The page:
Gunmen from Grants Pen, who went into Tivoli Gardens to defend Christopher ‘Dudus’ Coke in May 2010, had their lives snuffed out by the very man they went to defend after demanding part payment for their service, the Tivoli Enquiry heard yesterday.
Superintendent Everton Tabannah said the information was given to him by a woman inside Tivoli Gardens after members of the security forces took over the area in May 2010.
The police had said that 300 gunmen were in Tivoli Gardens in May 2010 to defend Coke, and that the former strongman was paying up to $100,000 each to his hired guns drawn from across the island.
Tabannah testified that the woman told him she was glad that the security forces were there, because “their presence” had put an end to the “stupidness” that was going on the community.
According to Tabannah, she reported that the men from Grants Pen were promised a payment of $50,000 each to defend Coke and that the men were killed after demanding part-payment.
However, when Tabannah started to give evidence of this, commission Chairman Sir David Simmons interrupted and pointed out to Jamaica Constabulary Force (JCF) lawyer Deborah Martin that this was not in the senior cop’s statement.
“I’m suspicious of this evidence. I’m suspicious,” Simmons said at one point, and added later that the evidence doesn’t sit well with him.
During Tabannah’s relaying of his conversation with the woman, Simmons asked him to give her name and address, but he said he didn’t take her name and doesn’t know her address.
He, however, noted that he had told now Assistant Commissioner of Police Winchroy Budhoo and other senior officers about what the lady had said.
Later in his evidence, Tabannah said the woman had asked him not to make known her name.
On another note, Tabannah testified during questioning from William Panton, one of the lawyers for the Office of the Public Defender, that the shooting which took place in Tivoli Gardens on day one of the operation, on May 24, 2010, was “judgement”.
He said he and his men were “hoping and praying” that the Jamaica Defence Force commander in charge of the company tasked with taking Sector 1 of the community from gunmen didn’t call upon them that night.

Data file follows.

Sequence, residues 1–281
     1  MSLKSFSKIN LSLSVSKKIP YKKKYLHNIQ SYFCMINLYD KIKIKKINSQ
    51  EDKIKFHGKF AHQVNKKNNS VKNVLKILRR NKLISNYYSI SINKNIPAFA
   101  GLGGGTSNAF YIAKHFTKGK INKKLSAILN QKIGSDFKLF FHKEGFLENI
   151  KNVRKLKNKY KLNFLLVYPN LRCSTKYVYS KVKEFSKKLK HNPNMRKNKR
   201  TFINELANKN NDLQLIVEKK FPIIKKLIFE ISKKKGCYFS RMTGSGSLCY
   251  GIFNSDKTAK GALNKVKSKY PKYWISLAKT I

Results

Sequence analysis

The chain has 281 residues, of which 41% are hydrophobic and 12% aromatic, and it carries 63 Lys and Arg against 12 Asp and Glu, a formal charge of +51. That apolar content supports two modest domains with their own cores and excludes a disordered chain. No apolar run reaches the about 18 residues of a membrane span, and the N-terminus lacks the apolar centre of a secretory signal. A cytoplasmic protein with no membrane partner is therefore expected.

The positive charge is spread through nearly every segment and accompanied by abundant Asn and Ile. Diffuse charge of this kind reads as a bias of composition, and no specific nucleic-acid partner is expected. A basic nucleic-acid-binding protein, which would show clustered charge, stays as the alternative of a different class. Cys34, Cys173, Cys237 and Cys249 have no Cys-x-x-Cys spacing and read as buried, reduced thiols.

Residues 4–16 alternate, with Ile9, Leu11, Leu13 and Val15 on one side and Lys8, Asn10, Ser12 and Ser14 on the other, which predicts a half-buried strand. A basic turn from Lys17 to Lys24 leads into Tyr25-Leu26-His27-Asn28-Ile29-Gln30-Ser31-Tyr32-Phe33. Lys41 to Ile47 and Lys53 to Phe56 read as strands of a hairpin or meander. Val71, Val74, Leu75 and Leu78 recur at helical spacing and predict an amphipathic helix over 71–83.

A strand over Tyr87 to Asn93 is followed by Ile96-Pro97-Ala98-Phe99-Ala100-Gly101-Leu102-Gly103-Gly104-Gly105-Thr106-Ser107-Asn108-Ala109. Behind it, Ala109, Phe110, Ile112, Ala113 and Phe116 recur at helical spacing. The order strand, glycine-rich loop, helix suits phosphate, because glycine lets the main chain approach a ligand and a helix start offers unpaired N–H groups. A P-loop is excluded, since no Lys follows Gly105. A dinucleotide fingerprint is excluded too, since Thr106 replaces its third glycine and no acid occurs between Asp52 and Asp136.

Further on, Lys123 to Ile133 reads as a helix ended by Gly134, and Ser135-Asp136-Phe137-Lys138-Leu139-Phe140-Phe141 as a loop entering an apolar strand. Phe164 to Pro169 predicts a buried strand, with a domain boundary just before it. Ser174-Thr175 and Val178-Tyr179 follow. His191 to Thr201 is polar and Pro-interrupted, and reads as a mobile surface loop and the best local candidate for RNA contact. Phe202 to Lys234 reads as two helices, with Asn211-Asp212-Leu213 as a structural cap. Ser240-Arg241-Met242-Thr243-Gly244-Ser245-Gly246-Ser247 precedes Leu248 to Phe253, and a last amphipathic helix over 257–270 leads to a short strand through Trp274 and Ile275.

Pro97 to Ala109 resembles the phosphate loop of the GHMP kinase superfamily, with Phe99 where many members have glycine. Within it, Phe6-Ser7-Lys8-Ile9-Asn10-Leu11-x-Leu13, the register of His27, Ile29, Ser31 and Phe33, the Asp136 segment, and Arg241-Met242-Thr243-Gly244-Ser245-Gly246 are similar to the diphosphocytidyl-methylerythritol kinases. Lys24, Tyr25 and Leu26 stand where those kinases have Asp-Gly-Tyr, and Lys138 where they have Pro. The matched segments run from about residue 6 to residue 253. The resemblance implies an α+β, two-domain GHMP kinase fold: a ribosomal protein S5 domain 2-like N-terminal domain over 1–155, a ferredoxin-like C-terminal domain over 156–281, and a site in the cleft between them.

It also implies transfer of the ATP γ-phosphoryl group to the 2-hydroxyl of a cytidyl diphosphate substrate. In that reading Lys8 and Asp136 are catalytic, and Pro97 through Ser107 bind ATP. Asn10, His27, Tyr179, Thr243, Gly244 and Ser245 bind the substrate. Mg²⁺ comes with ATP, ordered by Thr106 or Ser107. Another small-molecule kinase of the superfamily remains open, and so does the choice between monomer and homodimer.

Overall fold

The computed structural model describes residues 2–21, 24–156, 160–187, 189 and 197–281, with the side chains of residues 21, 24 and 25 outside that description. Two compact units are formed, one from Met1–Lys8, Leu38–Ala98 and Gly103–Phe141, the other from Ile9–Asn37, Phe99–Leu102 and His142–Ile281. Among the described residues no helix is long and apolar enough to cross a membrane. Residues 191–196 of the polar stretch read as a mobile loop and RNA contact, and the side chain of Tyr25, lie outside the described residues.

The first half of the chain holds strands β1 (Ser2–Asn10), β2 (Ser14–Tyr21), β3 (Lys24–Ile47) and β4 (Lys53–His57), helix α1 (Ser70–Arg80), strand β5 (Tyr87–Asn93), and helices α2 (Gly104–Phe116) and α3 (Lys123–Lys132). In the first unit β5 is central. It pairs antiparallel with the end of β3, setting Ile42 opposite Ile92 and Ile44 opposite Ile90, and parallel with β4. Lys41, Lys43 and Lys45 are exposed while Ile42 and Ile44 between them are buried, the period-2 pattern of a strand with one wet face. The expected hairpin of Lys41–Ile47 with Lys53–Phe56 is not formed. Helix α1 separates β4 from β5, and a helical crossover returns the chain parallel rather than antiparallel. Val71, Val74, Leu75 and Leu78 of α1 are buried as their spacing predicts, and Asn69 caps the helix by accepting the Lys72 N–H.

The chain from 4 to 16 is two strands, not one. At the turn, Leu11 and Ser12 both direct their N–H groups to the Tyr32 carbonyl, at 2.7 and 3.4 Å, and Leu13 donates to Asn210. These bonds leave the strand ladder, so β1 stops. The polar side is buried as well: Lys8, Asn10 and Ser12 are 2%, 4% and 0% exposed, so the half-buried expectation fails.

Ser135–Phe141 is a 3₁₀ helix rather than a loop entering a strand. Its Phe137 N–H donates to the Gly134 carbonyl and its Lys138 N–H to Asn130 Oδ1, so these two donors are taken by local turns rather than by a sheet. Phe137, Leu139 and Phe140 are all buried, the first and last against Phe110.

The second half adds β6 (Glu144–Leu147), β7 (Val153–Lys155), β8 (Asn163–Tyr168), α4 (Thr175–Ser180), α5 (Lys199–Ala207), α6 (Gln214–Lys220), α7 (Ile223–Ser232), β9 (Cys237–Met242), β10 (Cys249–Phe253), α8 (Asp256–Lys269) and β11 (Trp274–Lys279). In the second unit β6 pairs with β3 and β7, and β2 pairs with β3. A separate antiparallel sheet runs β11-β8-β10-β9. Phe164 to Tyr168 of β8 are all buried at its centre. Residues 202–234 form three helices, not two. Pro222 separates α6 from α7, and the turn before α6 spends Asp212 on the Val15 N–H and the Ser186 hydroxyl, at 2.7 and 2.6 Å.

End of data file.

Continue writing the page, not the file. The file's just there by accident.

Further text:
“What we heard happening over there, it must be judgement. I’ve never experience judgement, but what he heard going on over there must be judgement,” he said in relation to the heavy gunfire taking place in Tivoli Gardens.
He also denied a suggestion from Panton that he left important information out of his statement to cover the illegal actions of his men during the operation.
“Nonsense, Sir,” Tabannah, snapped. “Nothing like that.”
Tabannah said it must have been an oversight why he didn’t include the information in his statement.
The senior cop had earlier testified before the enquiry that he never received any report that his men had murdered any civilian in Tivoli Gardens.
He said the only time his men fired their guns was at the train line along Industrial Terrace when they came under fire from gunmen in Rasta City.
He testified that his men didn’t even return fire when they were pinned down for two hours on May 24, 2010 on McKenzie Drive.
He told Linton Gordon, a lawyer for the JDF, that his men had no clear view of the community combatants so they could not return fire.
Tabannah testified earlier that his men came under heavy gunfire and couldn’t enter Tivoli Gardens despite the soldiers saying it was safe to get in.
He said they tried to go in minutes after 5:00 pm but had to pull back to the Tivoli Gardens High School after being pinned down by gunmen for a little over two hours.
He said shots were being fired all night until the early morning of May 25, the day he and his men were able to enter Sector 1.
Meanwhile, Sergeant of Police Steve Waugh testified, on May 25, that a removed of bodies were removed that could be those of men who had been shooting at the police.
Waugh testified that the bodies were found behind sandbags and barricades, and close by them.
He said he couldn’t recall how many bodies were picked up from these areas.
The sergeant said he picked up 12 bodies that day, some of which were in a state of decomposition. He said no bodies were taken from houses or yards in the community.
Source | Jamaica Observer